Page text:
Hospital Bag Packing Tips for You and Your Partner

by Josh Moore from

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Packing your hospital bag can be one of the most exciting parts of preparing for your new baby. It’s getting real! But as exciting as it is, many first-time parents feel stressed about what to pack and bring. The Fed is Best Foundationprovides infant-feeding education and can help ease parental jitters. Then you can focus on the fun parts — packing your bag like a pro and visualizing your ideal birth. Read on for tips about how to get started.

Your baby’s first need is you.

The list of baby supplies can feel overwhelming, but try to remember that you are what your new baby needs most of all. The first hour of skin-to-skin contact with your baby has powerful physical and emotional benefits. The comfort and love that you provide your baby immediately after birth are more important than any supplies you bring to the hospital.

That said, there are a few things that you should pack for him or her, such as onesies (including a full body suit), a swaddle blanket, a beanie, and (most importantly) an installed car seat to take your little one home. Your hospital or birthing center usually provides diapers and wet wipes. But keep in mind that if you do forget anything, a friend or relative can bring it to the hospital for you, so there’s no need to pack your baby’s entire future wardrobe. Continue reading

Dr. Nicole King Warns About Dangers of Baby-Friendly Hospital Initiative at USDA Dietary Guidelines Meeting

On August 11, 2020, Dr. Nicole King, Anesthesiologist, Critical Care Intensivist, Patient Safety Expert and Senior Advisor to the Fed is Best Foundation spoke at the USDA Scientific Report of the 2020 Dietary Guidelines Advisory Committee meeting warning of the dangers and patient rights violations of the Baby-Friendly Hospital Initiative. Watch her address below.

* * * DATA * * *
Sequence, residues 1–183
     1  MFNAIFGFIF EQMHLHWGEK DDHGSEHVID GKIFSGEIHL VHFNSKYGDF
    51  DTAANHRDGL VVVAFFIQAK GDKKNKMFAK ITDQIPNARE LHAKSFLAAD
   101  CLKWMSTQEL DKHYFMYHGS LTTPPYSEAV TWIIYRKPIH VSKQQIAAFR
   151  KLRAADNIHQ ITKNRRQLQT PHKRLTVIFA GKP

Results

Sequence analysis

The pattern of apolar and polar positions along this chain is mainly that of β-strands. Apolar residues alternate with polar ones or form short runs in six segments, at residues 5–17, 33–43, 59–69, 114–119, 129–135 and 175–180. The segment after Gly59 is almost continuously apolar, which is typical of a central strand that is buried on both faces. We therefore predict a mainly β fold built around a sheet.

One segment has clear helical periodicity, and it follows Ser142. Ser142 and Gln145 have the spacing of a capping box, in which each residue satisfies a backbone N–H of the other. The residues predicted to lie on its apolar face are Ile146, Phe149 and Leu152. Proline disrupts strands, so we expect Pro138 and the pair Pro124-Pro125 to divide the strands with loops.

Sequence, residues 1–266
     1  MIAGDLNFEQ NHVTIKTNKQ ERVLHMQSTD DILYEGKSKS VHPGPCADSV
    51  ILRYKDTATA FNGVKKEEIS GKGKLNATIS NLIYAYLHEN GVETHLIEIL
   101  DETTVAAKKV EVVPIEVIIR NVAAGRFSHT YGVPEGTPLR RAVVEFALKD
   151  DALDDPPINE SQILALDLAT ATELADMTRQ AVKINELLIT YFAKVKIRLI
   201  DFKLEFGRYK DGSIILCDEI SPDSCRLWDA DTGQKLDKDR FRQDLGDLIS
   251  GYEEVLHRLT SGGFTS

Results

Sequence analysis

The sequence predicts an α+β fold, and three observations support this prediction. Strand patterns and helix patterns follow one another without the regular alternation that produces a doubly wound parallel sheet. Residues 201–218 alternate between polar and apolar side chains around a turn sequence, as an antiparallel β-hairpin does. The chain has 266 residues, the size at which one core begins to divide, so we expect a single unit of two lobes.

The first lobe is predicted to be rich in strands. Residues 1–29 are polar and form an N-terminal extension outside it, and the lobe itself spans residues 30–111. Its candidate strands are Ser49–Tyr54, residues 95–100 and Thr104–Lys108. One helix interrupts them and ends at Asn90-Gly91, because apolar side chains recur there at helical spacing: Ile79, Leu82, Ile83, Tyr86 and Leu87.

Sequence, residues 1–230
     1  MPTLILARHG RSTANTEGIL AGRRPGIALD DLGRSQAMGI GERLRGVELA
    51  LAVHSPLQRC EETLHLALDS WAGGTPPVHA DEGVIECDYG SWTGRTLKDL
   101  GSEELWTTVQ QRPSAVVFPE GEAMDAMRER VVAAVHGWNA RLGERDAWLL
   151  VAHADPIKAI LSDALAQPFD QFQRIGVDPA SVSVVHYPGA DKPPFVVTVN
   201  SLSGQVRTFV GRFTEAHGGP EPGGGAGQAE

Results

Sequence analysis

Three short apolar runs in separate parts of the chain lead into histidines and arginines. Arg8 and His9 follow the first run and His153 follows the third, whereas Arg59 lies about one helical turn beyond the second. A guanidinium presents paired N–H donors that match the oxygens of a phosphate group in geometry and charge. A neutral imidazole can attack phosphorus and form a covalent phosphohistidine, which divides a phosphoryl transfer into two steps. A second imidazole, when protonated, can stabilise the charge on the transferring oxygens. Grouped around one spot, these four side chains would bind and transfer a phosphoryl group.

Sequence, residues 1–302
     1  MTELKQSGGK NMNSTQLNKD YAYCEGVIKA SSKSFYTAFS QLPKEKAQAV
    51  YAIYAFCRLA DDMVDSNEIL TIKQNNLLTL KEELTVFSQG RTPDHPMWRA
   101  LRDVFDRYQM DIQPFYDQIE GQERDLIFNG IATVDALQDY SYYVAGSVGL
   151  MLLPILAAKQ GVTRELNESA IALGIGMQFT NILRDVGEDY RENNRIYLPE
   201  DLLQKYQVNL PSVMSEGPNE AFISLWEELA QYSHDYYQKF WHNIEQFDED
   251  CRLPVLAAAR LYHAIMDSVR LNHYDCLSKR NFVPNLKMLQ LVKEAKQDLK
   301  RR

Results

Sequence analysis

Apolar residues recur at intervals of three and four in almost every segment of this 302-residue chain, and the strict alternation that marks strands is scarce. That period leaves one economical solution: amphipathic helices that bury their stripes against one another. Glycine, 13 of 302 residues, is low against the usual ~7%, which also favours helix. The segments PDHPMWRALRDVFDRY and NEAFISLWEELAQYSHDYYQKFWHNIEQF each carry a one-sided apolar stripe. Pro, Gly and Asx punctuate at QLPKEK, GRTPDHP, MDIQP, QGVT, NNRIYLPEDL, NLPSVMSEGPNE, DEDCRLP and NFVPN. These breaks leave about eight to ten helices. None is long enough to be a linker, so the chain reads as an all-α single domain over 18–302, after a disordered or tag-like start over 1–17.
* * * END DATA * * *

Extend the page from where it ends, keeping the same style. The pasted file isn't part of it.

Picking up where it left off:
Good afternoon, my name is Nicole King and I am a mother and a physician.  As an anesthesiologist and intensive care physician, I am faced with life and death circumstances every day.  In no way did I ever consider breastfeeding my child would be as stressful as supporting a COVID patient through their critical illness.  Five years ago, I realized how wrong I was.

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Guidelines for Pregnant and Breastfeeding Mothers During the Coronavirus Pandemic

Photo Credit: Shutter Stock

By the Fed is Best Foundation Health Professional Team

We have summarized the current recommendations by the Centers for Disease Control  for Pregnant and Breastfeeding Mothers in the wake of the Coronavirus Pandemic (COVID-19). The American College of Obstetricians and Gynecologists have also endorsed the CDC recommendations. This information is intended to inform health care professionals and pregnant mothers who are confirmed positive for COVID-19 or persons under investigation (PUI) for COVID-19 in the hospital and postpartum settings.

The symptoms of coronavirus for pregnant and lactating mothers and infants are the same as those of the general population, which include but are not limited to:

  • Fever 
  • Cough
  • Shortness of Breath
  • Fatigue
  • Poor appetite
  • Sputum production 
  • Body aches